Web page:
Document Detail


Ecdysteroid synthesis and molting by the tobacco hornworm, Manduca sexta, in the absence of prothoracic glands.
MedLine Citation:
PMID:  1932778     Owner:  NLM     Status:  MEDLINE    
Abstract/OtherAbstract:
When a pair of prothoracic glands (PGs) were removed from Manduca sexta pupae on the day of pupation, the hemolymph ecdysteroid titer remained at a low level. When a portion of the gland pair was extirpated from pupae after the critical period for prothoracicotropic hormone release, the maximum hemolymph ecdysteroid titer was reduced in proportion to the mass of the PGs removed. These findings clearly showed that the PGs in intact pupae are responsible for the elevated ecdysteroid titer required to elicit adult development on schedule. When brains were removed on the day of pupation, the initiation of adult development was delayed for weeks or months. In contrast, pupae whose PGs were removed on the day of pupation initiated development only 7 days late, indicating the existence of an additional source of pupal ecdysteroids. Further, abdomens of male M. sexta that were isolated on the day of pupation initiated adult development spontaneously within 70 days. The implantation of day 0 pupal brains into these isolated abdomens accelerated the initiation of adult development and elicited synchronous adult development. The hemolymph ecdysteroid titer of those isolated abdomens receiving implants of brains increased within 5 days and reached a maximum level of 1.5 micrograms/ml. The analysis of hemolymph ecdysteroids by reverse-phase HPLC revealed that ecdysone was the major moiety and that the ecdysteroid composition was similar to that of normal, intact pupae that had just initiated adult development. These results demonstrate that the PGs are not requisite for adult development. An increased hemolymph ecdysteroid titer was also observed in isolated abdomens from which the testes were removed and in abdomens devoid of their digestive tract. Indeed, in the latter case, the ecdysteroid titer attained much higher levels than those observed for abdomens with intact guts. Despite numerous attempts to identify the tissue(s) in the isolated abdomens responsible for the increase in ecdysteroid titer, its identity remains unknown.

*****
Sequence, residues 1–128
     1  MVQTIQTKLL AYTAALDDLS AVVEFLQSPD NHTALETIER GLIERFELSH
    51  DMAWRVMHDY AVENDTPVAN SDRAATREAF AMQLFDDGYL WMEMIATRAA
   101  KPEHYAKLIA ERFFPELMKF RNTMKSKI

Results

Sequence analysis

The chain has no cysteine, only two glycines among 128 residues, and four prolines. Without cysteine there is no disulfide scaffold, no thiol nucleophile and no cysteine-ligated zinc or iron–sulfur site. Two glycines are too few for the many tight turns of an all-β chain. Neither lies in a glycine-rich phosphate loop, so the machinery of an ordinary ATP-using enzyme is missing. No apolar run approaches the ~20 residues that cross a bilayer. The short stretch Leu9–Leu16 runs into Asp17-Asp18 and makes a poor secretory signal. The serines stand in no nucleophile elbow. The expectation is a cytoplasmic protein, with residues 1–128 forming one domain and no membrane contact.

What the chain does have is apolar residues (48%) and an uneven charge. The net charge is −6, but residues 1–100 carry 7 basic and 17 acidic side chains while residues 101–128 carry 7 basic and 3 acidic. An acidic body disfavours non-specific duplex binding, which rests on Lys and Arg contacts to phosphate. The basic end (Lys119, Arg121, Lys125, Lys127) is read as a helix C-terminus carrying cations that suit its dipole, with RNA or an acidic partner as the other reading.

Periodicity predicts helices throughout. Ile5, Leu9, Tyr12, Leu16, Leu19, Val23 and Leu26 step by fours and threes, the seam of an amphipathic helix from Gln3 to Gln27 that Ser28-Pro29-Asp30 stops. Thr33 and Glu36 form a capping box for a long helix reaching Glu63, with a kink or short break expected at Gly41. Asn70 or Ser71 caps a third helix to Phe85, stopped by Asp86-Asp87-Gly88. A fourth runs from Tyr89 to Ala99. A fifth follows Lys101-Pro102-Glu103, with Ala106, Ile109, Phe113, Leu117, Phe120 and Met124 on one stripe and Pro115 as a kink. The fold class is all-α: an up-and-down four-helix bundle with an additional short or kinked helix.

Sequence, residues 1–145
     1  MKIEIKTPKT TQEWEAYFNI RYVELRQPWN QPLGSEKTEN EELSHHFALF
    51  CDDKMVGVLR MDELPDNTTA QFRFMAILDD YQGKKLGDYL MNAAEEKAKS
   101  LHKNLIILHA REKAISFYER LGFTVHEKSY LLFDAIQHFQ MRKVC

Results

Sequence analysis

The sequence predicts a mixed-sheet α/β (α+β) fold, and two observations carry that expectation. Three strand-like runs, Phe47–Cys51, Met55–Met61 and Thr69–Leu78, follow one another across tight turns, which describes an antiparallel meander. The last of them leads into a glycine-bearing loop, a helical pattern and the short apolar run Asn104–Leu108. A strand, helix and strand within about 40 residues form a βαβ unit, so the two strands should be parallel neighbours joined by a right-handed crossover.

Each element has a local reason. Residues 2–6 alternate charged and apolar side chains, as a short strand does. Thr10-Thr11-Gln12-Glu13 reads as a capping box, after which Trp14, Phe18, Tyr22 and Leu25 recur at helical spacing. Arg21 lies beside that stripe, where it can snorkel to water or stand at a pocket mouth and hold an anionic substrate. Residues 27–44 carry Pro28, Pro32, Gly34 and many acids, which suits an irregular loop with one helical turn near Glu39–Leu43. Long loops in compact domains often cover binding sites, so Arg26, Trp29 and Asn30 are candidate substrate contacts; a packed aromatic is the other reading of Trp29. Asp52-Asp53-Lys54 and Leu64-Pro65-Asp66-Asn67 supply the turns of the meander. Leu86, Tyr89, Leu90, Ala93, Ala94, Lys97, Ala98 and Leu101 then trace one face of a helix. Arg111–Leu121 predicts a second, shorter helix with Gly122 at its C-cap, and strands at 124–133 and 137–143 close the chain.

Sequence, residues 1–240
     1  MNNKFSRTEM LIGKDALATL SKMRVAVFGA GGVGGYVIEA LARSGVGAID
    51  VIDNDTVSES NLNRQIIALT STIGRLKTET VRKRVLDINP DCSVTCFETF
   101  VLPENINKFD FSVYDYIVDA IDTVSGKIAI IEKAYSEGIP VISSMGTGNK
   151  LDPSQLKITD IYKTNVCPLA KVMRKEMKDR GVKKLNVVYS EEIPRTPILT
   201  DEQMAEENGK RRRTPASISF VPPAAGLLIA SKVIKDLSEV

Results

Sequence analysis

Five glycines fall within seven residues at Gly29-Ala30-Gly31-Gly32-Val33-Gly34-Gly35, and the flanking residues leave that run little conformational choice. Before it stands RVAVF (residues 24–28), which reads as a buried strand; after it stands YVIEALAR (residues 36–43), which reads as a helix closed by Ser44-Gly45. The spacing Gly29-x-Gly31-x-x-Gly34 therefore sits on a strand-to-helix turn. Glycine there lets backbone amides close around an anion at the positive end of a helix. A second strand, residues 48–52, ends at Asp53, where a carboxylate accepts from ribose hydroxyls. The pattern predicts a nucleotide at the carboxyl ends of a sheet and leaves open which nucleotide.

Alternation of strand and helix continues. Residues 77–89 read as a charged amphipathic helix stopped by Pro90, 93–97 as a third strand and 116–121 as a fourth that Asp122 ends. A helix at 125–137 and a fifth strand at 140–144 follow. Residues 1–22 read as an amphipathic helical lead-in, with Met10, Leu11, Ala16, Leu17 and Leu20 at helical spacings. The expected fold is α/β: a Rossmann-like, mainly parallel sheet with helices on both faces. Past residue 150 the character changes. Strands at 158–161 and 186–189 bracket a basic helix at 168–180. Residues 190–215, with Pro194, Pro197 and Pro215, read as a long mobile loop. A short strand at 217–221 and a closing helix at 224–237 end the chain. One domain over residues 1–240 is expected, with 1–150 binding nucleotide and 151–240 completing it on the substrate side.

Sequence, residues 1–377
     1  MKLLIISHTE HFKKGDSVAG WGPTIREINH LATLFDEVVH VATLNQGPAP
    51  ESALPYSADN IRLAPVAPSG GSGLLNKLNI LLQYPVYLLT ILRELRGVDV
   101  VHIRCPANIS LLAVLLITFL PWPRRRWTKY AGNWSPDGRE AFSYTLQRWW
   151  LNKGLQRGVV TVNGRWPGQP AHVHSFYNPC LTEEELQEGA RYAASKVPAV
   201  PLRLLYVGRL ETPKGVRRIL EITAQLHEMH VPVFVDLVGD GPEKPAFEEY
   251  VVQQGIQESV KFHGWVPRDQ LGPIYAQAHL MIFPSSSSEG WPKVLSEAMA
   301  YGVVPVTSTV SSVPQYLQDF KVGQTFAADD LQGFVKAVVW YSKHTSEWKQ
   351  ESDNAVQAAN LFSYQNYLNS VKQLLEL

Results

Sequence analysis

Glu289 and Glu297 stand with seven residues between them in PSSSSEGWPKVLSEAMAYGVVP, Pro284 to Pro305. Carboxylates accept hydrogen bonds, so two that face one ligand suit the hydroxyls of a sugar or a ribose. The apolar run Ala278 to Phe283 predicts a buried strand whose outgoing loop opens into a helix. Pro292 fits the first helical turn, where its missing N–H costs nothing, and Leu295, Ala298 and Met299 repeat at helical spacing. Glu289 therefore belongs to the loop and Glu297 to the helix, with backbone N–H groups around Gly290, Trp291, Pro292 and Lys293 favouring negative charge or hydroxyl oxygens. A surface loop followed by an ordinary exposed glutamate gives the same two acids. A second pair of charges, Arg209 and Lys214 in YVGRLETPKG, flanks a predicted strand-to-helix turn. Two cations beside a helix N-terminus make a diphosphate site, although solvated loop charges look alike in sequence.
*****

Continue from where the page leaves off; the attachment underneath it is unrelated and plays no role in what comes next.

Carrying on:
Authors:
S Sakurai; J T Warren; L I Gilbert
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Publication Detail:
Type:  Journal Article; Research Support, U.S. Gov't, P.H.S.    
Journal Detail:
Title:  Archives of insect biochemistry and physiology     Volume:  18     ISSN:  0739-4462     ISO Abbreviation:  Arch. Insect Biochem. Physiol.     Publication Date:  1991  
Date Detail:
Created Date:  1991-12-20     Completed Date:  1991-12-20     Revised Date:  2007-11-14    
Medline Journal Info:
Nlm Unique ID:  8501752     Medline TA:  Arch Insect Biochem Physiol     Country:  UNITED STATES    
Other Details:
Languages:  eng     Pagination:  13-36     Citation Subset:  IM    
Affiliation:
Department of Biology, University of North Carolina, Chapel Hill.
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MeSH Terms
Descriptor/Qualifier:
Animals
Cholestenones / blood
Chromatography, High Pressure Liquid
Hemolymph / chemistry
Insect Hormones / biosynthesis*,  blood,  physiology
Moths / growth & development*,  metabolism*
Pupa / growth & development,  metabolism
Grant Support
ID/Acronym/Agency:
DK-30118/DK/NIDDK NIH HHS
Chemical
Reg. No./Substance:
0/Cholestenones; 0/Insect Hormones

From MEDLINE®/PubMed®, a database of the U.S. National Library of Medicine


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